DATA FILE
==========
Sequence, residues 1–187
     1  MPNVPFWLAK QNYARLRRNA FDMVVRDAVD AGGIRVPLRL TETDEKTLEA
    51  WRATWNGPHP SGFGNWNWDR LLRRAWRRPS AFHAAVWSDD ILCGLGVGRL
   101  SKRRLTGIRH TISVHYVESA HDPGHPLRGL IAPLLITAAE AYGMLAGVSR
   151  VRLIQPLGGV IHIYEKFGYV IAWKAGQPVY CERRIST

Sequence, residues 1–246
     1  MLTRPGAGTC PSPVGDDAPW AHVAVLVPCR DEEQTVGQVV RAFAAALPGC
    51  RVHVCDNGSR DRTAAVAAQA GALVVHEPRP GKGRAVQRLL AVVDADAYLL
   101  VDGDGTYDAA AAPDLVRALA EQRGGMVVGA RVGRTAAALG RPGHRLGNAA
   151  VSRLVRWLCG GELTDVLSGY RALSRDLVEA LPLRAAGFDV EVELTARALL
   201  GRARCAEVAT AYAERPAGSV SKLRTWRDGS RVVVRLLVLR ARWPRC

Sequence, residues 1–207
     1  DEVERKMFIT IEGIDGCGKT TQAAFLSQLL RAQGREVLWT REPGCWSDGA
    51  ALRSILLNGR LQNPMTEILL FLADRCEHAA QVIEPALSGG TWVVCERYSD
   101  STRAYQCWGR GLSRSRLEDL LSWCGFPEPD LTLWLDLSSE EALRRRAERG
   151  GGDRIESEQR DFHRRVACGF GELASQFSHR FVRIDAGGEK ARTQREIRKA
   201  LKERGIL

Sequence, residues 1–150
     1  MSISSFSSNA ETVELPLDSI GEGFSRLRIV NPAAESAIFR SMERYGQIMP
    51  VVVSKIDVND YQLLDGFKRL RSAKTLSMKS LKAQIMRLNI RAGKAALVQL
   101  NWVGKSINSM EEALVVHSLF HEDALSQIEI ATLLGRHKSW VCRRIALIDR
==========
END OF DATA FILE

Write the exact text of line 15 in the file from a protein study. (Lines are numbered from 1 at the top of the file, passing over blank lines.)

   101  STRAYQCWGR GLSRSRLEDL LSWCGFPEPD LTLWLDLSSE EALRRRAERG